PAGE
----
Settlers playing Indian: Robert Kossuth, David McMurray, ‘Reclaiming Canada Through Its ‘Ancient’ Sport: Lacrosse and the Native Sons of Canada in Late 1920s Alberta’, The International Journal of the History of Sport, 2015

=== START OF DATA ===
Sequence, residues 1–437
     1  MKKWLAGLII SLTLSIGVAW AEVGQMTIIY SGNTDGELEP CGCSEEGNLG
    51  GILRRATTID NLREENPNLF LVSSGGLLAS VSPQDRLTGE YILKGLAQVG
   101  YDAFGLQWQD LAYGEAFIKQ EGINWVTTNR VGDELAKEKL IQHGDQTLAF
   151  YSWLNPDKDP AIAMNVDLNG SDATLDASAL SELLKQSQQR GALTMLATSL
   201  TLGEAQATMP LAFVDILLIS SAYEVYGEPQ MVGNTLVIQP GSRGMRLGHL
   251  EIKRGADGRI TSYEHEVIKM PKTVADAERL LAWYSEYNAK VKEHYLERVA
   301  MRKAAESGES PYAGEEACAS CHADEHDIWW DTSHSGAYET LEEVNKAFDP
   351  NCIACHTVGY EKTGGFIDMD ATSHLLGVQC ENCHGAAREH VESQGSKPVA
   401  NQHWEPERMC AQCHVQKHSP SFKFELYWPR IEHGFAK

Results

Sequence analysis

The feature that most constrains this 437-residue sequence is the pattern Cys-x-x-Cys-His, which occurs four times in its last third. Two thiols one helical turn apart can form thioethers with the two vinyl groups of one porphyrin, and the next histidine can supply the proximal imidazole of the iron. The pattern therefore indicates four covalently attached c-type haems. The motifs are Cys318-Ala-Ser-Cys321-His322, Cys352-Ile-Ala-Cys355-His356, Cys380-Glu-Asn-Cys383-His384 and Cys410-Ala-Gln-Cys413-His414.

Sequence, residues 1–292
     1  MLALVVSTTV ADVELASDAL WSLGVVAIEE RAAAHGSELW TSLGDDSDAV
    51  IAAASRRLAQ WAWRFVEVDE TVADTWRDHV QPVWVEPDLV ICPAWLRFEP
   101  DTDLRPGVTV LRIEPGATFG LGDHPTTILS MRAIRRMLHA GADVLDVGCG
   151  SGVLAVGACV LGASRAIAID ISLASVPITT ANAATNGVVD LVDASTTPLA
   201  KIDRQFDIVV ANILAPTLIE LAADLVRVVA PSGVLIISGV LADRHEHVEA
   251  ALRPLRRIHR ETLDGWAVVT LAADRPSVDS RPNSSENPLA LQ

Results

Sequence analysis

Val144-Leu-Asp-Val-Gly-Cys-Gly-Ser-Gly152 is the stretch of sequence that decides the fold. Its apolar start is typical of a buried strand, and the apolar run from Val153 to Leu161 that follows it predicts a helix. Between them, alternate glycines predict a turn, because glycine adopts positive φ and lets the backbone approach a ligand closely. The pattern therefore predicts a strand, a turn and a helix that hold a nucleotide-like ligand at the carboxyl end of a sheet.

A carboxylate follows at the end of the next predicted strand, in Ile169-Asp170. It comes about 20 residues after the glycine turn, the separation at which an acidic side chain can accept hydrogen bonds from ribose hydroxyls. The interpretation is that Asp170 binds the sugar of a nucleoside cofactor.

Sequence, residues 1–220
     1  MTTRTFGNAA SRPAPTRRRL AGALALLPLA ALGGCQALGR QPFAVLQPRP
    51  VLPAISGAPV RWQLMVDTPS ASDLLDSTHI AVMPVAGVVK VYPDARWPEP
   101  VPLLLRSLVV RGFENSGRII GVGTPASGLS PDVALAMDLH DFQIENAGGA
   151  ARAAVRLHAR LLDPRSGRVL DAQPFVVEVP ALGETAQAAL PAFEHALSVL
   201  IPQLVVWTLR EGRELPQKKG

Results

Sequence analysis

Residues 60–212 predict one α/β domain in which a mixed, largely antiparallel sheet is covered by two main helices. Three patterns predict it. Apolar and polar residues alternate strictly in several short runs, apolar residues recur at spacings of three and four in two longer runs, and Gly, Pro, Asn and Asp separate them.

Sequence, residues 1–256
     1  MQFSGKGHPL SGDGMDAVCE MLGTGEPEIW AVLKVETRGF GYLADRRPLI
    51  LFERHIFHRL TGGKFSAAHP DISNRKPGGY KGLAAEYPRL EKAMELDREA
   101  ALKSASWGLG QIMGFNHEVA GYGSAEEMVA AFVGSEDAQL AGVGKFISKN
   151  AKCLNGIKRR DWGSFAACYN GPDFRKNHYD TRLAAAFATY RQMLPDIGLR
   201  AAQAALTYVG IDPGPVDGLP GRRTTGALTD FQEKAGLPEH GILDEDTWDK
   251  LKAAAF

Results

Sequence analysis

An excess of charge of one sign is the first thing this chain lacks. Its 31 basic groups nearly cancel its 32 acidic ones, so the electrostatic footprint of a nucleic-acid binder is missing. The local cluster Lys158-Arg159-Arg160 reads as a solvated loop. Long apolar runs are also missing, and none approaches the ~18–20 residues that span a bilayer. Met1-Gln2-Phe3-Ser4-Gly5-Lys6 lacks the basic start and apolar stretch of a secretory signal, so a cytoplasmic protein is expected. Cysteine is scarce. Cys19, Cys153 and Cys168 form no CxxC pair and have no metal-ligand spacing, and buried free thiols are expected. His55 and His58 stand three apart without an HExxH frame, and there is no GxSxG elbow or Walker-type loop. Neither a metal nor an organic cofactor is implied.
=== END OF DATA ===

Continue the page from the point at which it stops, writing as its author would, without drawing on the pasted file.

Abstract: Lacrosse has long been considered Canada’s national sport and, beginning in the latter half of the nineteenth century, became tied to the nationalist ambitions that sought to promote a national identity through the ‘creation’ of a uniquely Canadian game. Popular in the decades prior to the turn of the twentieth century, lacrosse in Alberta began to decline after the First World War, becoming a marginal sport played only in the province’s larger cities. A brief and unexpected revival of lacrosse occurred in two communities, Edmonton and Lethbridge, in the 1920s championed by a nativist organization, the Native Sons of Canada (NSC). For this group lacrosse represented a natural means to promote their ‘Canada First’ ideology to young male Albertans. In Edmonton, the Native Sons sponsored a senior men’s lacrosse team that garnered some local and regional attention, while attempts by the Lethbridge assembly to promote youth lacrosse in 1927 were largely unsuccessful. Despite the continuing affinity between Canadian nationalism and lacrosse, the NSC were ineffective in their efforts to revive interest in the sport. The ‘national’ game did not provide nativists in Alberta the platform they sought to promote their nationalist agenda.
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